And lead through various toils, up the rough steep,
Its hero to the skies: and his dark towerý
Whose execrable hand the city fir'd,
And while the dreadful conflagration blaz'd,

Here flow'd his fountain; here his laurels grew;
Here oft the meek good man, the lofty bard
Fram'd the celestial song, or social walk'd
With Horace and the ruler of the world:
Happy Augustus! who, so well inspir'd,
Couldst throw thy pomps and royalties aside,
Attentive to the wise, the great of soul,
And dignify thy mind. Thrice-glorious days,
Auspicious to the Muses! then rever'd,
Then hallow'd was the fount, or secret shade,

Play'd to the flames; and Phœbus' letter'd dome ; Or open mountain, or whatever scene


The poet chose, to tune th' ennobling rhyme
Melodious; e'en the rugged sons
E'en the rude hinds rever'd the poet's name :
But now-another age, alas! is ours-
Yet will the Muse a little longer soar,

And the rough relics of Carina's street,
Where now the shepherd to his nibbling sheep
Sits piping with his oaten reed; as erst
There pip'd the shepherd to his nibbling sheep,
When th' humble roof Anchises' son explor'd
Of good Evander, wealth-despising king,
Amid the thickets: so revolves the scene;
So Time ordains, who rolls the things of pride
From dust again to dust. Behold that heap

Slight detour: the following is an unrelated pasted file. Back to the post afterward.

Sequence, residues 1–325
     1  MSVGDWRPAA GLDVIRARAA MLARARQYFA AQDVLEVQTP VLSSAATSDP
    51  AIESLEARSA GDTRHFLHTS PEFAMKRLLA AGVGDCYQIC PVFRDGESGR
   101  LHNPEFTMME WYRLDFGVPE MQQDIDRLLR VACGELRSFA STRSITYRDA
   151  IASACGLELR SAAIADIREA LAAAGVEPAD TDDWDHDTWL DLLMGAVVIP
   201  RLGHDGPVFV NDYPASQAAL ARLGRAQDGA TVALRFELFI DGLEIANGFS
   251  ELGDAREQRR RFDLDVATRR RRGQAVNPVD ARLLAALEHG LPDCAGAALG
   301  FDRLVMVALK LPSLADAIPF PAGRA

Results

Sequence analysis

Of mouldering urns (their ashes blown away,
Dust of the mighty) the same story tell;
And at its base, from whence the serpent glides
Down the green desert street, yon hoary monk
Laments the same, the vision as he views,
The solitary, silent, solemn scene,

Unless the clouds of care weigh down her wing
Since Nature's stores are shut with cruel hand,
And each aggrieves his brother; since in vain
The thirsty pilgrim at the fountain asks

Th' o'erflowing wave-Enough-the plaint disdain

See'st thou yon fane ?* e'en now incessant time
Sweeps her low mouldering marbles to the dust;
And Phoebus' temple, nodding with its woods,
Threatens huge ruin o'er the small rotund.
'Twas there beneath a fig-tree's umbrage broad,
Th' astonish'd swains with reverend awe beheld
Thee, O Quirinus, and thy brother-twin,

* Begun by Vespasian, and finished by Titus.
†The tomb of Cestius, partly within and partly with- Pressing the teat within a monster's grasp

out the walls.

The Palatin library.

*The temple of Romulus and Remus, under Mount Palatin.